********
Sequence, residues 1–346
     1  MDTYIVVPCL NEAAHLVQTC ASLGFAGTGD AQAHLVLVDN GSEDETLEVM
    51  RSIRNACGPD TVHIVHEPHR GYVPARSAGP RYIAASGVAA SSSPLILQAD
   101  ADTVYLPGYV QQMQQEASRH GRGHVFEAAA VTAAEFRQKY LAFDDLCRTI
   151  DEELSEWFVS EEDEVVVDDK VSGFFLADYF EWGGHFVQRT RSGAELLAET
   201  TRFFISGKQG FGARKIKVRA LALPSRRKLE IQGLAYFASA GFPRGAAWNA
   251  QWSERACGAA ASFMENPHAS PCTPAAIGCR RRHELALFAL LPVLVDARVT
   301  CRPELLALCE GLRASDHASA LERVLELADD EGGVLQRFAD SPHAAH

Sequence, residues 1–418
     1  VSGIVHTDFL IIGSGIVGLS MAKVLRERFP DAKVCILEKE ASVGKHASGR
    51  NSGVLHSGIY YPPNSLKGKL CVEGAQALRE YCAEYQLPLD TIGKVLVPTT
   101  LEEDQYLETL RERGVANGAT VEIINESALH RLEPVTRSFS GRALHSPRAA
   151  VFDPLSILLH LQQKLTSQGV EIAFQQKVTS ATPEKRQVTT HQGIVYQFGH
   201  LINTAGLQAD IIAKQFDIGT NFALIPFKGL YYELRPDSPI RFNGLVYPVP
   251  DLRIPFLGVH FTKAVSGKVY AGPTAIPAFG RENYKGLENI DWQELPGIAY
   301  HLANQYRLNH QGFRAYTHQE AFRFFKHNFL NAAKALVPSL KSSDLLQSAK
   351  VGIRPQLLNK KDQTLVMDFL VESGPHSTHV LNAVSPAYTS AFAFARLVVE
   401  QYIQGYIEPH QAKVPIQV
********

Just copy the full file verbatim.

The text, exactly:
Sequence, residues 1–346
     1  MDTYIVVPCL NEAAHLVQTC ASLGFAGTGD AQAHLVLVDN GSEDETLEVM
    51  RSIRNACGPD TVHIVHEPHR GYVPARSAGP RYIAASGVAA SSSPLILQAD
   101  ADTVYLPGYV QQMQQEASRH GRGHVFEAAA VTAAEFRQKY LAFDDLCRTI
   151  DEELSEWFVS EEDEVVVDDK VSGFFLADYF EWGGHFVQRT RSGAELLAET
   201  TRFFISGKQG FGARKIKVRA LALPSRRKLE IQGLAYFASA GFPRGAAWNA
   251  QWSERACGAA ASFMENPHAS PCTPAAIGCR RRHELALFAL LPVLVDARVT
   301  CRPELLALCE GLRASDHASA LERVLELADD EGGVLQRFAD SPHAAH

Sequence, residues 1–418
     1  VSGIVHTDFL IIGSGIVGLS MAKVLRERFP DAKVCILEKE ASVGKHASGR
    51  NSGVLHSGIY YPPNSLKGKL CVEGAQALRE YCAEYQLPLD TIGKVLVPTT
   101  LEEDQYLETL RERGVANGAT VEIINESALH RLEPVTRSFS GRALHSPRAA
   151  VFDPLSILLH LQQKLTSQGV EIAFQQKVTS ATPEKRQVTT HQGIVYQFGH
   201  LINTAGLQAD IIAKQFDIGT NFALIPFKGL YYELRPDSPI RFNGLVYPVP
   251  DLRIPFLGVH FTKAVSGKVY AGPTAIPAFG RENYKGLENI DWQELPGIAY
   301  HLANQYRLNH QGFRAYTHQE AFRFFKHNFL NAAKALVPSL KSSDLLQSAK
   351  VGIRPQLLNK KDQTLVMDFL VESGPHSTHV LNAVSPAYTS AFAFARLVVE
   401  QYIQGYIEPH QAKVPIQV